5 Ways To Avoid Medical Device Hacking


In today’s digital age, it’s more important than ever to be aware of how your medical devices could be vulnerable to hacking. From pacemakers to insulin pumps, hackers could access your personal health information or even control your device itself. Here are five ways to avoid becoming a victim of medical device hacking.

SSH Key Manager

Keyfactor’s SSH Key Manager for Servers is a software that manages SSH keys for servers. It is used to generate and distribute SSH keys for server authentication. Users can create, manage, and revoke SSH keys. They can also set key expiration dates and restrict key usage by IP address or user group. This will help to further avoid device hacking. 

Keep Your Devices Updated

One of the best ways to avoid being hacked is to ensure your devices are always running the latest software version. Manufacturers regularly release updates that patch security vulnerabilities, so installing them as soon as they’re available is essential. You should also set your devices to update automatically, so you don’t have to remember to do it yourself.

Use Strong Passwords And Two-Factor Authentication

You should enable Two-Factor Authentication (2FA) on your medical devices whenever possible. 2FA adds an extra layer of security by requiring you to enter a code from your phone or another device in addition to your password. This makes it much harder for hackers to gain access to your account, even if they manage to guess or steal your password.

You should also use strong, unique passwords for your medical devices and accounts. Hackers can use password-cracking tools that can quickly guess common passwords, so it’s important to make yours as long and complicated as possible. A password manager can help you keep track of all your different passwords and generate strong ones.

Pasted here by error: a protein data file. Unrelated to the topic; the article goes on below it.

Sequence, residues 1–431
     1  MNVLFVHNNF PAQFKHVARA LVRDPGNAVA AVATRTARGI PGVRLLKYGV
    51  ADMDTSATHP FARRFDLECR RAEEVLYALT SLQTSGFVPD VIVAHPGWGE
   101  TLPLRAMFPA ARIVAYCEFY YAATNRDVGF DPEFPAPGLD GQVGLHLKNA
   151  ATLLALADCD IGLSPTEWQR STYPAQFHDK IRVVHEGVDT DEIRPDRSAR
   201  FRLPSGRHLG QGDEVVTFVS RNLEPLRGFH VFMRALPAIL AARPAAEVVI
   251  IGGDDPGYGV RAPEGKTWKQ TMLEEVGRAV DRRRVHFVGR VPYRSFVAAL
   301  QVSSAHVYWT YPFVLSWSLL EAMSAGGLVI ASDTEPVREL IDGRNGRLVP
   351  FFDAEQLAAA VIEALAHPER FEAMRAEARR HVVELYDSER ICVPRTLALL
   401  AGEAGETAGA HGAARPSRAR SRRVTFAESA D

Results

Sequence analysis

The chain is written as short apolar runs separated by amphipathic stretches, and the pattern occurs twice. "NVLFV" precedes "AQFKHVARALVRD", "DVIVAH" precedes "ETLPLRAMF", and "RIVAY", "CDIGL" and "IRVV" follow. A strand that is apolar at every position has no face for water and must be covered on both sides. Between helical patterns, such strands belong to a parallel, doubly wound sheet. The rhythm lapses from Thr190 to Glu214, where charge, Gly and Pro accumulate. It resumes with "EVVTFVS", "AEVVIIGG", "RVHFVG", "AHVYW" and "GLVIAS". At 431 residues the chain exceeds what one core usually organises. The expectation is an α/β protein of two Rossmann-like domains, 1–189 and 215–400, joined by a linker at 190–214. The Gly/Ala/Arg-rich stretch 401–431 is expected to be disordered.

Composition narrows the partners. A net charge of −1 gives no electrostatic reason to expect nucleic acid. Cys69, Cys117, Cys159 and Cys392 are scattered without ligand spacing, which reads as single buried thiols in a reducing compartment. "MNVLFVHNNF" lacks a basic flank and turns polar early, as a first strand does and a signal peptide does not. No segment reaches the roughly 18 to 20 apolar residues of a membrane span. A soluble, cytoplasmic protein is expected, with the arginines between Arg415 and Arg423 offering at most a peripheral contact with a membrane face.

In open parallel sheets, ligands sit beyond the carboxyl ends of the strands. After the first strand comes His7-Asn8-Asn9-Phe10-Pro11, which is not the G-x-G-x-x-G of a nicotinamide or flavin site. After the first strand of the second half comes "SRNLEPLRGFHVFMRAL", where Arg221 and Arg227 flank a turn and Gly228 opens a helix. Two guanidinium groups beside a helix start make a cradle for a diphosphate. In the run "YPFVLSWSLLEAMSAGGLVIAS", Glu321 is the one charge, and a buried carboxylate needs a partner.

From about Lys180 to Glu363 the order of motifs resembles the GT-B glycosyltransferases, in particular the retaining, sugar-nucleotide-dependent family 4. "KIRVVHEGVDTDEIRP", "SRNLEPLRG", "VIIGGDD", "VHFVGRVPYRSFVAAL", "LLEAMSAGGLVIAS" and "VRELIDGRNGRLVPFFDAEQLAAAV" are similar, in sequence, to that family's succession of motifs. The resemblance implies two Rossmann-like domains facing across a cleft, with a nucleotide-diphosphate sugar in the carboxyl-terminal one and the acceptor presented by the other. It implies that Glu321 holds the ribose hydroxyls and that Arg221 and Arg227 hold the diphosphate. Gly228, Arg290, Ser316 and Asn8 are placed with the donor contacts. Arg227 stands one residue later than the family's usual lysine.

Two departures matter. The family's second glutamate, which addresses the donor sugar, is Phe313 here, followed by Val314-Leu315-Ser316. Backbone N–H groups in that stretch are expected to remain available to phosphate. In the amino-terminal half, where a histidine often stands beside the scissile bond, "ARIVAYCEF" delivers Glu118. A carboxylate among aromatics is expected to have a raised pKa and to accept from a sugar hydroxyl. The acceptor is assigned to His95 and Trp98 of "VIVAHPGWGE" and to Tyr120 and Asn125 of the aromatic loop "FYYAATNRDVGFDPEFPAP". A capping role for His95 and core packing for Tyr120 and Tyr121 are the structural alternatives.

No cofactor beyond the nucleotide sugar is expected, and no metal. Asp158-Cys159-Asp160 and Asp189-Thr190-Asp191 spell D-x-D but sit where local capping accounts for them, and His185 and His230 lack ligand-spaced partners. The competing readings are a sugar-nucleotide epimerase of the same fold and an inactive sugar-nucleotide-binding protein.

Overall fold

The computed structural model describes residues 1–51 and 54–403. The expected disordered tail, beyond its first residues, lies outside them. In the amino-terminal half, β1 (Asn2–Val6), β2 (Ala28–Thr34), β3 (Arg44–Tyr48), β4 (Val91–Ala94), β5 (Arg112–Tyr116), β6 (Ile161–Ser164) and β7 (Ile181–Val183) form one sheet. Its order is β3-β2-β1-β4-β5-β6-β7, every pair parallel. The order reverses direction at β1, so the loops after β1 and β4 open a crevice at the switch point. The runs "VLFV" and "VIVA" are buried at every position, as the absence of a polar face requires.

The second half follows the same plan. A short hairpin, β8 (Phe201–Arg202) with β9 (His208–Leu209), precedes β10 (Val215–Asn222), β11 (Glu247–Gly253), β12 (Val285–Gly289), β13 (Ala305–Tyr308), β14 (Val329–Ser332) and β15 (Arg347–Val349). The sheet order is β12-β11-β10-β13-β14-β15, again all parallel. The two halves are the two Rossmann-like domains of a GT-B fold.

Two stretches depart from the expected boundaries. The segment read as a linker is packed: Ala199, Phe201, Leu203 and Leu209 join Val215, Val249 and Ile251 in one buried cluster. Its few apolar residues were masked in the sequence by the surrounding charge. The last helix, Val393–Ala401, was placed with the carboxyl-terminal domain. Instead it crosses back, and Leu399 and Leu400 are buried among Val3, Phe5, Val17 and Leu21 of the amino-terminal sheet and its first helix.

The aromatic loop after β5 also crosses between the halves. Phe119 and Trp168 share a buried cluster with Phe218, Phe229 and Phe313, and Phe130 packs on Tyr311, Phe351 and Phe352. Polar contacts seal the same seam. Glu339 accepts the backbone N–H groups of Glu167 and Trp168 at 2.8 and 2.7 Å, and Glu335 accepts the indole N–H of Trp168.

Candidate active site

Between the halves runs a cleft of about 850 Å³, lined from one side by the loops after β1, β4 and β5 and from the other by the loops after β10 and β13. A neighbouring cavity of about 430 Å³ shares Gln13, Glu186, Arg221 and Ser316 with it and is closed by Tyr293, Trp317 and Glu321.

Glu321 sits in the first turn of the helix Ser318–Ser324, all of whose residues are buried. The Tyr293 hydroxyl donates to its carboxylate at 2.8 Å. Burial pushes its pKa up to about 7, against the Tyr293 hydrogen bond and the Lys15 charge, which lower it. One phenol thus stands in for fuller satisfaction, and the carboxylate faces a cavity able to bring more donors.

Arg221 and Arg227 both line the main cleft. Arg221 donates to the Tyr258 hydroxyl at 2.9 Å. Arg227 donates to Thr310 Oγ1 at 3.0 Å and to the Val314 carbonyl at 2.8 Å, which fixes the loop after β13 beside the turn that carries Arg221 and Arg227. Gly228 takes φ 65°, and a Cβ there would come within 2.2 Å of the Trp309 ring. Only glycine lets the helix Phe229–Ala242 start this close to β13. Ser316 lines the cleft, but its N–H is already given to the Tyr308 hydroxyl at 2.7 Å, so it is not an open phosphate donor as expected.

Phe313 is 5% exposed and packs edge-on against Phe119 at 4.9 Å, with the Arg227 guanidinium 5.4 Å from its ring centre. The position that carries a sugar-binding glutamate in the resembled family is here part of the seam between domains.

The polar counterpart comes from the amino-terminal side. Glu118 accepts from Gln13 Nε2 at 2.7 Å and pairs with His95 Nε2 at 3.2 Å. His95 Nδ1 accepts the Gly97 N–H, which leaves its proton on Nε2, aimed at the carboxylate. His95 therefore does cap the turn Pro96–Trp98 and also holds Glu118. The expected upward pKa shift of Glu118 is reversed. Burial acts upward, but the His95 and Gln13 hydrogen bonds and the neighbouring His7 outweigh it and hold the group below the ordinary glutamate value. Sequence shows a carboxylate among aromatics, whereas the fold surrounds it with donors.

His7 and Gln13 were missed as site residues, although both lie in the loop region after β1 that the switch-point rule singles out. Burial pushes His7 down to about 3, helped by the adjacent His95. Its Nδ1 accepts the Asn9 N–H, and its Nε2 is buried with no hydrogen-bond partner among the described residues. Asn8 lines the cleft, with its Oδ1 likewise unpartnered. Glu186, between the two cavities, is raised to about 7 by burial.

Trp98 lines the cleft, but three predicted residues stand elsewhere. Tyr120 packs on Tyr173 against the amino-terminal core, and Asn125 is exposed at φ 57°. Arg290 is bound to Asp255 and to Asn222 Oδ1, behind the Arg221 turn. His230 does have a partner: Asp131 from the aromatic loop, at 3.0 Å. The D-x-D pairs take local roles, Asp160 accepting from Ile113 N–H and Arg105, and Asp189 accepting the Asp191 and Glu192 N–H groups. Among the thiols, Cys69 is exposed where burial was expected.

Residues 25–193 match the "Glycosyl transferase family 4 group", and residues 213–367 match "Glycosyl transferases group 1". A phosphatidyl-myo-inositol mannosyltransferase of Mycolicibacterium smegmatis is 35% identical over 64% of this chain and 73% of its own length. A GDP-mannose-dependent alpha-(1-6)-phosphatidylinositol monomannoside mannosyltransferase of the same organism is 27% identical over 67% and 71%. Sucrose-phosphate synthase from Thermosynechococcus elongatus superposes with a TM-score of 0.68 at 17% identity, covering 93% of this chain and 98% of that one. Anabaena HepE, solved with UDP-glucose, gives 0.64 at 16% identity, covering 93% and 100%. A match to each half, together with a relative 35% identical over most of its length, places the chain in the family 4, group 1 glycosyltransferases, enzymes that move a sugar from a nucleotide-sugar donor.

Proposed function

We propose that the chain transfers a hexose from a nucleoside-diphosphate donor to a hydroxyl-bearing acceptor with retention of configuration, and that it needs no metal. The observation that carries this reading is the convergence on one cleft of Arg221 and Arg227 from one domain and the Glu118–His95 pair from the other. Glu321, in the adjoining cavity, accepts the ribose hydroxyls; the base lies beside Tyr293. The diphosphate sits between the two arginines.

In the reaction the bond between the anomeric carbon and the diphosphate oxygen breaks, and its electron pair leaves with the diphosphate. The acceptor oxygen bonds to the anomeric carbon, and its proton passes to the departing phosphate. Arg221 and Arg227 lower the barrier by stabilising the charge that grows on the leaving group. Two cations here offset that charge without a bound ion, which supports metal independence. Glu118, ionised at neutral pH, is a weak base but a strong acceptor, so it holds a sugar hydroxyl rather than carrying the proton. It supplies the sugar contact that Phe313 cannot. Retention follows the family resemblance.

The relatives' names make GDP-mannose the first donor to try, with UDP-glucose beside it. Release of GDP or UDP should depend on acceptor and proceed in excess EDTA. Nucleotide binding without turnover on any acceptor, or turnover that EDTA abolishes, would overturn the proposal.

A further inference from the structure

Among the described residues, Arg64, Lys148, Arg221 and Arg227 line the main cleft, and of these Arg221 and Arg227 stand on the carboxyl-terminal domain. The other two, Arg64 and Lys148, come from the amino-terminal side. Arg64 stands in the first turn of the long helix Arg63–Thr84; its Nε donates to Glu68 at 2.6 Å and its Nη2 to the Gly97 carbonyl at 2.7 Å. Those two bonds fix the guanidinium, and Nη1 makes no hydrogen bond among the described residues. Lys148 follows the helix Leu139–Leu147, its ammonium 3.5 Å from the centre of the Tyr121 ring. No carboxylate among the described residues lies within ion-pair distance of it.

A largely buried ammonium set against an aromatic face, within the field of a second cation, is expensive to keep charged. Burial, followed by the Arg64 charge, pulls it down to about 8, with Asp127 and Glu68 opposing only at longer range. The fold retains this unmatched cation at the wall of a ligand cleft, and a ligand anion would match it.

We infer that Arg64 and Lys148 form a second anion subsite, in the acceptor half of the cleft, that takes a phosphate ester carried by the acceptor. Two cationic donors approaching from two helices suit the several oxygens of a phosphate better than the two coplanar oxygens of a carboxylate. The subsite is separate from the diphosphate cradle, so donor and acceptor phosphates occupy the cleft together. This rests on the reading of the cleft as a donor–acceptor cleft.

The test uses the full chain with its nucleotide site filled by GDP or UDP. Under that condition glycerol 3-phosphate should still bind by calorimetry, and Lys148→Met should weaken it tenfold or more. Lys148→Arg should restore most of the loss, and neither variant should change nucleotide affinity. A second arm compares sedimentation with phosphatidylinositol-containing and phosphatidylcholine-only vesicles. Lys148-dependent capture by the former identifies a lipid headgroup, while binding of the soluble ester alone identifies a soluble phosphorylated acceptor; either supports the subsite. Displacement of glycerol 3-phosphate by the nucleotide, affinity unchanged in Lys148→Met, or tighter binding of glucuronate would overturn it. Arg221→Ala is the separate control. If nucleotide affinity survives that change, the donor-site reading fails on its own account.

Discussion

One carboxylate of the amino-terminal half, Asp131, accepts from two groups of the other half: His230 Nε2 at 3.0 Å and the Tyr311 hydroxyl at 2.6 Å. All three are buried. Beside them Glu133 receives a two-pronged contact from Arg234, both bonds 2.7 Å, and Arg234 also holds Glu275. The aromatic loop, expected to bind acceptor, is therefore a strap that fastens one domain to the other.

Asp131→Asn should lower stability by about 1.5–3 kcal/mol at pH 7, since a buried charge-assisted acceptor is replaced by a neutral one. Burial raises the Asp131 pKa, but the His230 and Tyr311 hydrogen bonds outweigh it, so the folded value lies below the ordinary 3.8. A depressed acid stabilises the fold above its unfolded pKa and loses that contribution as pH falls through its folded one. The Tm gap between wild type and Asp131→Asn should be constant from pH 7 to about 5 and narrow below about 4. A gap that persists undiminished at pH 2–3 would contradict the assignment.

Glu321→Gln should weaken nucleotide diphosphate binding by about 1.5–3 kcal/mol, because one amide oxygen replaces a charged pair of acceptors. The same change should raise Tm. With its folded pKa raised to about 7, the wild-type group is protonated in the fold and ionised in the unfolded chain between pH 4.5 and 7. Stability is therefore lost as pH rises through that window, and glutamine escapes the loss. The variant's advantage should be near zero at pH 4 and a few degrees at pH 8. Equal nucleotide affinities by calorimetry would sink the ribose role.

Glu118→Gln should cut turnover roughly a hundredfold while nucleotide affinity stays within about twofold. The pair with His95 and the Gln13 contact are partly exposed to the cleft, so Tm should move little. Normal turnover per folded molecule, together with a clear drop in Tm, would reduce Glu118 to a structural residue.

nursing smartphone

Be Careful What You Connect To 

Another way hackers can gain access to your devices is through malicious USB chargers or other wired connections. They can insert malware onto your device that allows them to take control of it or steal your personal information. To protect yourself, only connect your device to charging cables and docks from trusted sources, and never plug in a charger or cable you don’t know where it came from.

Monitor Your Devices For Suspicious Activity 

If you think your medical device has already been hacked, there are some signs you can look out for that may indicate tampering or unusual activity. These include strange battery drain, unexpected changes in settings or behavior, and new or unknown programs appearing on the device. If you notice any of these things, it’s important to change your passwords immediately and contact the manufacturer if necessary.

Keep Your Information Private 

You should also be careful about what personal information you store on your medical devices. Hackers could access this information and use it for identity theft or fraud. If possible, encrypt any sensitive data on your device and avoid storing anything unnecessary. You should also consider using a VPN when connecting to public Wi-Fi networks so hackers can’t snoop on your traffic and steal any data that’s being transmitted. 

Final Thoughts

Following these simple tips can help protect yourself from medical device hacking. Remember to keep your devices updated, use strong passwords with Two-Factor Authentication enabled, be careful what you connect them to, monitor them for suspicious activity, and keep your personal information private with the help of Keyfactor’s SSH key manager. If you suspect your device has already been hacked, change your password immediately and contact the manufacturer. Taking these precautions can help keep yourself safe from malicious actors.